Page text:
de Blob 2 (2011, PS3) – 8/10 action platform painting game review

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Cast / crew
Dedicated To and Environment Artist: Russell Hughes
Game Director: Nick Hagger
Art Director: Terry Lane
Lead Artist: Lewis Mitchell
Lead Animator: Shannon Caldwell
Lead Audio: John Guscott
Lead Designer: Mark Morrison
Lead Designer: Christian Canton
Lead Level Designer: Andrew Trevillian
Level Designer 2D: Bryan Duffy
Lead Programmer: Dan Khoan Chau
Audio Programmer: Lindsay Loughlin
Graphics Programmer: Jarrod Smith
Graphics Programmer: Florian Strauss
Technical Director: Graeme Webb
Project Manager: Chris Slater
Music Composer and Producer: John Guscott
Voice Casting and Direction: Douglas Carrigan
Dee Bradley Baker: Blob, Prof, Bif, Inky Scientist, Shepherds, Raydians
Candi Milo: Pinky, Spiky, Graydians

de Blob 2 (2011)

Unsurprisingly, Prisma City’s general election is going very well for Papa Blanc, as he has rigged the voting booths with mechanical arms that always vote for him. Once he has swept to power, he is revealed to be Comrade Black who proceeds to drain the city of colour once more. Only Blob and the Colour Underground can restore things but are they playing into Black’s hands?


Gentle, tinkly gameplay, beautiful visuals (the reds, greens and blues are particularly gorgeous and there is some excellent non-player animation) and high quality sound make de Blob 2 a good all-ages platformer well worth playing, but awkward jumping from uneven terrain, unintelligent targeting and some infuriating checkpointing mean it is oddly wearisome. John Guscott and Lindsay Loughlin’s dynamic music is wonderful and the large levels feel full of life and happiness when you’ve restored colour to them and how lovely is that?

Classified 7+ by PEGI. The game is only suitable for persons who have reached the age of 7 or over.
Classified Violence by PEGI. Game contains depictions of violence.


Driveclub™ (2014, PS4 exclusive) – 8/10 racing game review

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Cast / crew
Game Director: Paul Rustchynsky

Driveclub™ (2014)


Serious launch errors and delayed features (replays, photo-mode and weather) have undermined Driveclub and shapeless mobile game presentation will continue to undermine it but the thrilling experience of driving on spectacular, fun, original tracks make this a racing game to relish. A racing game isn’t likely to differentiate itself through a real world car list (GT6‘s Vision Gran Turismo and Red Bull X programme excepted) but through the track list. Driveclub‘s beautiful tracks are expertly designed so that they can be bounced around but accuracy will always give you lap time and sweet satisfaction. Driving them in a different class of car is like driving a new track; you discover new yumps and curves just because you’re travelling in a much faster car. It is entirely wonderful and helped by a choice of superb exterior and interior driving views. Even without the Challenge system and consistently working leaderboards (most of my times do not upload even though I’m connected to Driveclub‘s servers and earning Club points), Driveclub‘s outstanding racing and driving experience is enough to recommend it.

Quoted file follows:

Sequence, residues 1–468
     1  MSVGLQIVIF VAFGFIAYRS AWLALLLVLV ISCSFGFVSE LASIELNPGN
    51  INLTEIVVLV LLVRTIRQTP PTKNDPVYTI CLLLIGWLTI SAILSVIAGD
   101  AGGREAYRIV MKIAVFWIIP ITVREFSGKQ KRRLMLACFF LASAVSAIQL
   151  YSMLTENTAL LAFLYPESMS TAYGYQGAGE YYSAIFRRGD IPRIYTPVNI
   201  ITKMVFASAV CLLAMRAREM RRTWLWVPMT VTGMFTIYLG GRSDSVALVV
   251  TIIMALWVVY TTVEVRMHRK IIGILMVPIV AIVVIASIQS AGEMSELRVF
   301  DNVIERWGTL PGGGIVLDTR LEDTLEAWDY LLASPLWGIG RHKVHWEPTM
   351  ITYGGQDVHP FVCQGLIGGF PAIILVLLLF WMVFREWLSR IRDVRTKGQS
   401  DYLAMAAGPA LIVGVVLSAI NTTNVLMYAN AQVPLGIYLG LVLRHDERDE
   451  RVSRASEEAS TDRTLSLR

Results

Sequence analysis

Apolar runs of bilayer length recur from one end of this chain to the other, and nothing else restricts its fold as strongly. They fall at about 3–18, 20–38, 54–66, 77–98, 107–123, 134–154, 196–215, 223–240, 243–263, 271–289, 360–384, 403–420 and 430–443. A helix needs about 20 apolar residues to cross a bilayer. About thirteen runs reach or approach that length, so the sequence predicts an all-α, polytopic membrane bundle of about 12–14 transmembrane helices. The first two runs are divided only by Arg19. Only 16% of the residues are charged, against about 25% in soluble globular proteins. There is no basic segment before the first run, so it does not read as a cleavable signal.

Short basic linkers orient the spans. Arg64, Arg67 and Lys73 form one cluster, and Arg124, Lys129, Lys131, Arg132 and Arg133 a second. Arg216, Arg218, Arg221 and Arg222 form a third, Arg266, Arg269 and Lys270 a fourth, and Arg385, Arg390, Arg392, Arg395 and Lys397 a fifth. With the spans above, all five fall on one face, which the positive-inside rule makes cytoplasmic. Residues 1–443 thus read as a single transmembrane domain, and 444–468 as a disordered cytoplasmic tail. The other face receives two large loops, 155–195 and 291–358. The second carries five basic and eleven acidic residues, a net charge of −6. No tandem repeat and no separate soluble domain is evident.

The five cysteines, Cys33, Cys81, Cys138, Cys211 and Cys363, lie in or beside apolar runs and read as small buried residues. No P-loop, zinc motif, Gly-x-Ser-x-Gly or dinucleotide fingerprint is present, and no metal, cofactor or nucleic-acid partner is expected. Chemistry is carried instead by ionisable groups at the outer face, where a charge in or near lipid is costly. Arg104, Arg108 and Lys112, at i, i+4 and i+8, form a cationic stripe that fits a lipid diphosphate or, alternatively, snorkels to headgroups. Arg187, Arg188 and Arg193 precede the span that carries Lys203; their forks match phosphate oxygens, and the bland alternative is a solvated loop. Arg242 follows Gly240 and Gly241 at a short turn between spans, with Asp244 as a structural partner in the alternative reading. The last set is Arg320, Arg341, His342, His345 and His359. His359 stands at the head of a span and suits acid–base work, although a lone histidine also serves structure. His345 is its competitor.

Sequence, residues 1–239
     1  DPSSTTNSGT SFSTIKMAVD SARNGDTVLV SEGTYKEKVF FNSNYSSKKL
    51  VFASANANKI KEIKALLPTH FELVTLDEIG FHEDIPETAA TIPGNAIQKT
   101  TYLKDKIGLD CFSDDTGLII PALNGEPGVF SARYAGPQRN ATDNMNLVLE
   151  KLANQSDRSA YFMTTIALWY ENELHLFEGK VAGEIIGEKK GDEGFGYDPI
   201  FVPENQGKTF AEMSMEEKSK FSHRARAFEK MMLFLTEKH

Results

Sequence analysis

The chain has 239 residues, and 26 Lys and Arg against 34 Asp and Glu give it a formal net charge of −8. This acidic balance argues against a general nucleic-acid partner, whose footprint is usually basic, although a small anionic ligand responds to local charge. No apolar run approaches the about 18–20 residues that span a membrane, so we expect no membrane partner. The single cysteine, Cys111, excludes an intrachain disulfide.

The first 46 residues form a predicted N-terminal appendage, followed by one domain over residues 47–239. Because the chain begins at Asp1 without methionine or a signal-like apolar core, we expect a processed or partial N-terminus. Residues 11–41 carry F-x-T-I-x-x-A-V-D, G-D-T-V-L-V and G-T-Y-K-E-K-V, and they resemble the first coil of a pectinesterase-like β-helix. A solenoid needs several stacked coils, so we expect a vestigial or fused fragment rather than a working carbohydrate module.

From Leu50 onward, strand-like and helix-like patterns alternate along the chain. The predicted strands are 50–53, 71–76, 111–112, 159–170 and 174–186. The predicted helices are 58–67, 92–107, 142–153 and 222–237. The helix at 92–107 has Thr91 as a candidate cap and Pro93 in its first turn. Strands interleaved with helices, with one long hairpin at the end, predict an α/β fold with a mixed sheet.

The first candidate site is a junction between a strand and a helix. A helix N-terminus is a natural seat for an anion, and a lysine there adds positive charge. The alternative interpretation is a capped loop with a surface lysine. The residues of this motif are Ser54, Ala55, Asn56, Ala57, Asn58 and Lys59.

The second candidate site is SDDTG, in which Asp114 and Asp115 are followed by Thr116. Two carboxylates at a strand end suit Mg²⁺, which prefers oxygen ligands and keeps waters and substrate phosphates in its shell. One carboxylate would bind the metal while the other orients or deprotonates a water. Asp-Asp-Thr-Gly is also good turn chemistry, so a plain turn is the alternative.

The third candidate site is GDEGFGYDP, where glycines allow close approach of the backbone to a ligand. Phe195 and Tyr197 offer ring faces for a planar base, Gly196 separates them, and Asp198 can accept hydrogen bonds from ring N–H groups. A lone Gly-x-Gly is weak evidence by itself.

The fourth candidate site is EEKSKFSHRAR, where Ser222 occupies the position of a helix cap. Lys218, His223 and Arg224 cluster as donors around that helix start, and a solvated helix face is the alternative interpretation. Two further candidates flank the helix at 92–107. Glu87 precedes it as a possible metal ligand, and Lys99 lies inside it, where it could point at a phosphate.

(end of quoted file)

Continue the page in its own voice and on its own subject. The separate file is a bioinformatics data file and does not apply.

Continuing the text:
Classified 3+ by PEGI. The game is only suitable for persons who have reached the age of 3 or over.


PS3 vs PS4 vs Xbox 360 vs Xbox One Head-to-Head Face Off: Alien: Isolation and Sleeping Dogs: Definitive Edition

Every so often, Eurogamer run a series of technical comparison reviews for games released on both PlayStation 4 and Xbox One.

This is the latest update to the full list and you can hover over the web site icon for a very quick summary.

  • PS4 logo 75x16  Alien: Isolation
  • PS4 is better than Xbox One  Sleeping Dogs: Definitive Edition

Seventh Generation

Every so often, Eurogamer run a series of technical comparison reviews for games released on both Xbox 360 and PlayStation 3.

This is the latest update to the full list and you can hover over the publications icons for a very quick summary.

  • 360 better Alien: Isolation

Majin and the Forsaken Kingdom (2010, PS3) – 8/10 fantasy action game review

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Cast / crew
Director: Yoshiki Okamoto

Majin and the Forsaken Kingdom (2010)

At the urging of the forest animals, a thief makes his way into the castle in Q’umarkaj with the aim of finding out what’s causing the darkness that is devastating their habitat. Inside he finds a giant creature imprisoned and weakened and it’s clear that, whatever the darkness is, this Majin is the key to clearing it. However, the Majin, Teotl, cannot do it alone: he’ll need a friend.


Just let the title screen sit and play the attract sequence. That trailer and, especially, the main musical theme is entirely wonderful: uplifting, heroic and full of promise, inspiration and hope. It sets up the mood of the game perfectly which is warm and charming as you befriend a giant, somewhat clumsy, creature named Teotl with whom you will thoroughly enjoy this adventure. One of the main ways this is achieved is because each of you can only be healed by the other. A lovely moment that is replayed delightfully is when you pick fruit to boost and restore Teotl’s power, you can hear Teotl excitingly burble in salivating anticipation. Developer Game Republic and publisher Namco Bandai must have been tremendously disappointed with sales, not just because they were about half what was expected but because this is a good, fun, original, accessible and unusual game. Everyone did a good job and still too few bought it.

This game contains extreme fantasy violence

Classified 12+ by PEGI. The game is only suitable for persons who have reached the age of 12 or over.